Spatial ecology and conservation of the endangered tansy beetle

Overview

Effective species conservation requires an understanding of population dynamics in space and time. Many rare species function as metapopulations, in which networks of populations exchange individuals through dispersal, allowing colonisation of empty patches and potentially rescuing small populations from local extinction. The effect of dispersal on metapopulation dynamics is especially pronounced when the habitat patch network undergoes its own dynamics. For example, when habitat patches are individual host plants of an insect, then seed dispersal will promote new patches in the metapopulation, while mortality of the host plant removes patches (potentially because of insect consumption). The overall effect of this turnover is a dynamic patch network and an increased reliance on dispersal for the species to track a moving target of habitat patches.

This studentship will focus on the tansy beetle (Chrysolina graminis). The beetle has a stronghold (meta)population on the banks of the River Ouse around York, which was thought to be its entire UK population. However, the beetle was recently rediscovered in two East Anglian fenland sites where it had been considered extinct. Because of its geographical restriction and vulnerability to major flooding, the tansy beetle is listed as endangered in the British Red Data Book and prioritised for conservation as a UK Biodiversity Action Plan species with the support of a dedicated conservation partnership – the Tansy Beetle Action Group (TBAG).

The main focus of the PhD will be on the beetle’s metapopulation dynamics in a dynamic patch network of tansy plants around York. Building on our previous work on patch occupancy and dispersal and an unprecedented >10-year TBAG survey dataset mapping thousands of tansy patches over 45 km of riverbank, the student will investigate questions such as:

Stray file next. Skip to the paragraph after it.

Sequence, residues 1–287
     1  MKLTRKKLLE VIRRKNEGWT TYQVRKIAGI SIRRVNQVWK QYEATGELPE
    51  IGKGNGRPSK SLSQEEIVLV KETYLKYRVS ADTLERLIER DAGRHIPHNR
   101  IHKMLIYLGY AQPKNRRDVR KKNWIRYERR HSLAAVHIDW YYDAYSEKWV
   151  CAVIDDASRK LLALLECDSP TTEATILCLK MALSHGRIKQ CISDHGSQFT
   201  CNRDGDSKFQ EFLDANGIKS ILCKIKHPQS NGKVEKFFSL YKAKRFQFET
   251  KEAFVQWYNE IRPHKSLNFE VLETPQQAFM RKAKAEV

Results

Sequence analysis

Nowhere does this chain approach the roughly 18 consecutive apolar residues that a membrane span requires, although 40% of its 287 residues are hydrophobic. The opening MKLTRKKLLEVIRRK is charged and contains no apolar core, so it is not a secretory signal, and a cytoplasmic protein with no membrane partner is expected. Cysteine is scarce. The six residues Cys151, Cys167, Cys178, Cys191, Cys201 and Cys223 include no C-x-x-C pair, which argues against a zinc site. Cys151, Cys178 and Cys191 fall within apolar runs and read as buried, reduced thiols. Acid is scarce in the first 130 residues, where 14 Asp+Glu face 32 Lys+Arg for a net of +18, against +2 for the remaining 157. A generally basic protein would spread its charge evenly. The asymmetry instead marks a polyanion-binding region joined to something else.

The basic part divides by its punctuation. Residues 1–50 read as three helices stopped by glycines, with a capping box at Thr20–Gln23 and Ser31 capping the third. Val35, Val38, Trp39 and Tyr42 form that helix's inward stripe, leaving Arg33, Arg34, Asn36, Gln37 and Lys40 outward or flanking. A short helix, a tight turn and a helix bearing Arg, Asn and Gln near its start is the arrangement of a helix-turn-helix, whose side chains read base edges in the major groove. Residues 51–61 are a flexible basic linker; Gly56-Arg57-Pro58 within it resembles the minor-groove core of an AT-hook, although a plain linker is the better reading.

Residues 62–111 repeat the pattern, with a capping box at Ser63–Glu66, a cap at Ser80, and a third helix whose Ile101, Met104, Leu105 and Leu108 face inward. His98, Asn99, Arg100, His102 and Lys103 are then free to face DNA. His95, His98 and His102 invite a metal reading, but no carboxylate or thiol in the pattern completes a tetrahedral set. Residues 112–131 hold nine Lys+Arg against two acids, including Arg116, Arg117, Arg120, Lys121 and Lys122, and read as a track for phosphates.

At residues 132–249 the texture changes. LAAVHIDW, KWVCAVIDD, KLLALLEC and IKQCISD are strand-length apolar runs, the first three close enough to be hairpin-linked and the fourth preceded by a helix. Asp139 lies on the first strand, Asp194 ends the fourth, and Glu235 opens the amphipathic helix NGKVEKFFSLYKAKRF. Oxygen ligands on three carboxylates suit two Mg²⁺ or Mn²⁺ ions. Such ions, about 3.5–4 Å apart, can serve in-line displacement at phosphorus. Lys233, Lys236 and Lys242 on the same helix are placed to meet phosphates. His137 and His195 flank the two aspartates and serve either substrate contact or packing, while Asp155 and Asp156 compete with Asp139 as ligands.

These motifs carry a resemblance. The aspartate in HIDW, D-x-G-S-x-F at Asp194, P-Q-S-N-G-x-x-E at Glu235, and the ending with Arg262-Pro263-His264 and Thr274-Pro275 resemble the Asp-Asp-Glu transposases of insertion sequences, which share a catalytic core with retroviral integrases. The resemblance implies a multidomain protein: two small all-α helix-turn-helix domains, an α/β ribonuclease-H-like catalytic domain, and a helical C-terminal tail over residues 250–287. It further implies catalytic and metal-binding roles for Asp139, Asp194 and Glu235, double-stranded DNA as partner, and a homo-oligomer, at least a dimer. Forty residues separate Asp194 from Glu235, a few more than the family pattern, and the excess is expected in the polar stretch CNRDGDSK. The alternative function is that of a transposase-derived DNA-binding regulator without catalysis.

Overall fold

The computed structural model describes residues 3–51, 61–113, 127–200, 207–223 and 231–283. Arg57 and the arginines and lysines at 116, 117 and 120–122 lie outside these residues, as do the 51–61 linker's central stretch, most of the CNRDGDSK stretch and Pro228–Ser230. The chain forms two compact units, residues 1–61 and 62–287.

1. How dynamic is the tansy patch network? What determines patch appearance and loss?
2. How does the beetle metapopulation function? What determines colonisation and local extinction?
3. What are the long-term risks of regional metapopulation extinction and how might this be minimised?

A second focus will be on better understanding the re-discovered fenland populations to inform conservation, based on knowledge gaps identified by TBAG. Depending on their interest, the student will investigate questions such as:
1. How are beetle distributions structured in the fenland sites? Are they aggregated in particular areas or on particular host plants?
2. How does performance vary on alternative host plants? The fenland populations seem to use the mint family rather than tansy but the effects of host plant choice are not known.

Methodology

To investigate metapopulation dynamics the student will contribute to the ongoing TBAG survey of tansy patches and beetle numbers around York, analyse/model these data and conduct targeted fieldwork to enhance understanding from the survey data. Depending on their interests, the student will work on some or all of the following:
1. Statistical analysis of patch network dynamics, e.g. Generalised Linear Mixed Models (GLMMs) for tansy patch appearances and disappearances using predictors such as patch size, proximity, land use, flooding and beetle density.